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Newborns

Many mothers who have just had a mountaintop experience in the delivery room are often dismayed to find themselves in a dark, turbulent, emotional valley during the first weeks after their babies are born. Between 50 percent and 60 percent of women have a temporary emotional slump commonly known as baby blues, while 5 percent to 10 percent of women suffer from a more severe disturbance known as postpartum depression. A less common — but more severe — disturbance known as postpartum psychosis occurs after about one in 1,000 deliveries.

When one considers all the intense physical and psychological changes that accompany the birth of a baby, it is surprising that storm clouds aren't part of every mother's emotional weather after childbirth.

  • Dramatic shifts in the levels of some hormones (estrogen, progesterone, prolactin, cortisone and others) after delivery.
  • Physical exhaustion following labor.
  • Blood loss during and after delivery.
  • Pain after childbirth, especially following a cesarean section. Drugs that may be needed to kill pain can also affect mood and energy level.
  • Loss of sleep, perhaps starting with an all-night labor and continuing with the around-the-clock needs of a newborn.
  • Genetic factors. Depression, anxiety syndromes, panic attacks and even more severe disturbances have a biochemical component.

Personal and family issues that can affect emotions include:

  • A difficult labor and delivery during which little went according to plan.
  • Problems with the baby. These might include a complex medical concern such as prematurity or a normal baby with feeding problems or unusual irritability.
  • Mismatch of expectations. The time and effort involved in caring for a newborn may come as a shock to some (especially first-time) mothers, who may have never experienced being on call 24 hours a day.
  • Lack of family support. If Dad is gone most of the day (or there is no dad in the picture) and relatives are not available to lend a hand, taking care of a newborn can be overwhelming.
  • Perfectionism. With a new baby (or even with one or more older children) it is not possible to be the Mother of the Year, keeper of the showcase home, rising young executive and amorous wife.
  • Financial pressure. Budgets are often tight in new families, and the expenses surrounding childbirth will add stress to family finances.
  • Feelings of being stuck or trapped in the new role. A woman who has been pursuing a rewarding career or who is accustomed to a carefree lifestyle might feel that nonstop responsibility for a helpless newborn is a ball and chain.

How do I know the severity of my situation?

Baby blues, the most common mood problem related to childbirth, usually develops during the first week after delivery. Symptoms include irritability, tearfulness, anxiety, insomnia, lack of energy, loss of appetite and difficulty concentrating. This emotional and physical slump typically resolves itself within two weeks. However, it should not be met with an attitude of "ignore it and it will go away." Support and reassurance from husband, family and friends are important. In addition, help with the baby, housekeeping and other practical details can make a difference.

Postpartum depression (PDD) is a more serious condition, though many of its symptoms are similar to those of baby blues. Not only does it last longer, but its impact on both mother and baby is more profound. A mother with PPD may be so depressed that she has difficulty caring for her baby, or she may develop extreme and unrealistic anxiety over the infant's health. Furthermore, ongoing disruption of mother-child interactions can adversely affect the infant's long-term development.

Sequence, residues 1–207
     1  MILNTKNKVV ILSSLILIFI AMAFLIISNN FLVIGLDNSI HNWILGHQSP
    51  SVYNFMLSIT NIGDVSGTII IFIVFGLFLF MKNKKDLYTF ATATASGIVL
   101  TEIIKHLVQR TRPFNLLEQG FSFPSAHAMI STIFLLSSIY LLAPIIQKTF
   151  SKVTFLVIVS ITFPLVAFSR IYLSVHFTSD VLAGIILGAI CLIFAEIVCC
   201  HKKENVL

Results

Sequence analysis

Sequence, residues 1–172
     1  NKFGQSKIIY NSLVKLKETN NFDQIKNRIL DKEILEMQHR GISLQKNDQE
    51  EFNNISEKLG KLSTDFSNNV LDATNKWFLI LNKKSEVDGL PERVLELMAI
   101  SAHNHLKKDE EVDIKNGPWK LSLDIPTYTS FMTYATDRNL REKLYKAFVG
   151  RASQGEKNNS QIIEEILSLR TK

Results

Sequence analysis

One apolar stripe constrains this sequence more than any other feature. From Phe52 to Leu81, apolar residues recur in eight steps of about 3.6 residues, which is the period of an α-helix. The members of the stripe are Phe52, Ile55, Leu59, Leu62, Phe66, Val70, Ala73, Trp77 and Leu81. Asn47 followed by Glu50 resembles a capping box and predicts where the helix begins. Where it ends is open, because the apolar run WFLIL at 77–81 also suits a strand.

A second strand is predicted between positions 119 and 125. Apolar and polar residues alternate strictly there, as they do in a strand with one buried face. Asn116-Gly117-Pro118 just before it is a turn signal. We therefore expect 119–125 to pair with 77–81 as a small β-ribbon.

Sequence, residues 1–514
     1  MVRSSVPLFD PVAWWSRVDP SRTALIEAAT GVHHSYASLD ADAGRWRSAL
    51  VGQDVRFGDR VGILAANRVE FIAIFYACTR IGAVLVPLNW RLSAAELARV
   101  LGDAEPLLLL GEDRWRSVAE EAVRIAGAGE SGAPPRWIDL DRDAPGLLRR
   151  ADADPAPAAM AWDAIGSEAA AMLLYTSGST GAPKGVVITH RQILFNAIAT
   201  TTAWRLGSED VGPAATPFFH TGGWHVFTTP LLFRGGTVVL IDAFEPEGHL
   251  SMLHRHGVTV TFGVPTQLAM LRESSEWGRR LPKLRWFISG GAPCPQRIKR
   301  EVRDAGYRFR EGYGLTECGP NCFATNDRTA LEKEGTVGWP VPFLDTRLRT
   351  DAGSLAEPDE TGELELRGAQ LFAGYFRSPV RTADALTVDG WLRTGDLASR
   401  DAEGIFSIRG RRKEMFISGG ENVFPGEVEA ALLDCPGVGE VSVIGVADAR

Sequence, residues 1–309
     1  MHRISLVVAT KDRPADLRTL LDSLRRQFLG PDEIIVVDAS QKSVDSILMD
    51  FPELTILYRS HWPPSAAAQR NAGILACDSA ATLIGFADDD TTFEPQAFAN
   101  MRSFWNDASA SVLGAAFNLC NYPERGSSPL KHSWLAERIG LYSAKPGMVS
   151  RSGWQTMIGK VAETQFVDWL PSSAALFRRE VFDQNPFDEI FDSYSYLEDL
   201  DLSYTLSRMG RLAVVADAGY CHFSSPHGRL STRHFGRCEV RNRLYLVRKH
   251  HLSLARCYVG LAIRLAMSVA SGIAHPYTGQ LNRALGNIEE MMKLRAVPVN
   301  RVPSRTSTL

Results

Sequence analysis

PPD can begin at any time during the first six months after childbirth. While two out of three mothers recover within one year, this problem should not be left to run its course. Like a major depression occurring at any other time in life, PPD is not a situation in which a little "attitude adjustment" is all that is needed. If symptoms such as those listed above continue for more than two weeks, seek professional help.

Postpartum psychosis is a rare but serious disorder in which a woman experiences not only a disturbance in mood but also a break with reality. At some time during the first month after delivery, she may become confused and experience hallucinations and delusions. She may even consider harming herself or her baby. A woman who develops postpartum psychosis must be evaluated immediately by a qualified psychiatrist, though it might be difficult to convince her that this is necessary. This condition can and should be treated with appropriate medication. There is, however, a 1 in 7 chance that it will recur with a subsequent pregnancy.

It is important to note that postpartum depression and psychosis can occur without warning. A woman's mood during her pregnancy does not necessarily predict how she will feel after the baby comes home. However, if a woman has a history of depression or other significant emotional problems, or if these problems have occurred in her immediate family, those close to her should be alert for signs of turbulence during the days and weeks following childbirth. A mother who has suffered postpartum psychosis in the past must be observed carefully for signs of recurrence after future deliveries. If you have additional questions about postpartum depression or feel you need to talk with someone in more detail, contact your physician.

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Taken from the Complete Guide to Baby & Child Care, a Focus on the Family book published by Tyndale House Publishers, Inc. Copyright © 1999, Focus on the Family. All rights reserved. International copyright secured. Used by permission.

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